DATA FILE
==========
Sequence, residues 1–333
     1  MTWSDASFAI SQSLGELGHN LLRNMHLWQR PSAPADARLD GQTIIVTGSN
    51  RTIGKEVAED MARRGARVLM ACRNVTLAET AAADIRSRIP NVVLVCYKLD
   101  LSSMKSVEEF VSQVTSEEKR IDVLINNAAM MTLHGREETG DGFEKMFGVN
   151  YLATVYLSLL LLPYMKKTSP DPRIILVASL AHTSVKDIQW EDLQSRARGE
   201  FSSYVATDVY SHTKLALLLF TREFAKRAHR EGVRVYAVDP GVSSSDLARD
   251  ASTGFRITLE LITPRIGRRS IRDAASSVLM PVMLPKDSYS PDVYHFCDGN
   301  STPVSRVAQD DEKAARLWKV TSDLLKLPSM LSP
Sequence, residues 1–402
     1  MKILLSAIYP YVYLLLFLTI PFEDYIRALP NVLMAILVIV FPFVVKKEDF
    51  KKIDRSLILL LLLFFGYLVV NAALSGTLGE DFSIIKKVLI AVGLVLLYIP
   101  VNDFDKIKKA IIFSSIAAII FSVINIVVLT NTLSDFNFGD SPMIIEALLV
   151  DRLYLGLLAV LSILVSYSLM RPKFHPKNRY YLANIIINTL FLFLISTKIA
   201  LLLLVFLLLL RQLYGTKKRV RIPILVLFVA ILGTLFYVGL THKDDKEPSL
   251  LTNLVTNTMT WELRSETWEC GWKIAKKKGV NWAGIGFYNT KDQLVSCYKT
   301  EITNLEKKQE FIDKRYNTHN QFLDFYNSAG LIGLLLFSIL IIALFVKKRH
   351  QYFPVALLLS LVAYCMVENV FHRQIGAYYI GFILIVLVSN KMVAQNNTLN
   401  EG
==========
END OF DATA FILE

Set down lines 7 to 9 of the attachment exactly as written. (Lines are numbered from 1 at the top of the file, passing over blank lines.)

   251  ASTGFRITLE LITPRIGRRS IRDAASSVLM PVMLPKDSYS PDVYHFCDGN
   301  STPVSRVAQD DEKAARLWKV TSDLLKLPSM LSP
Sequence, residues 1–402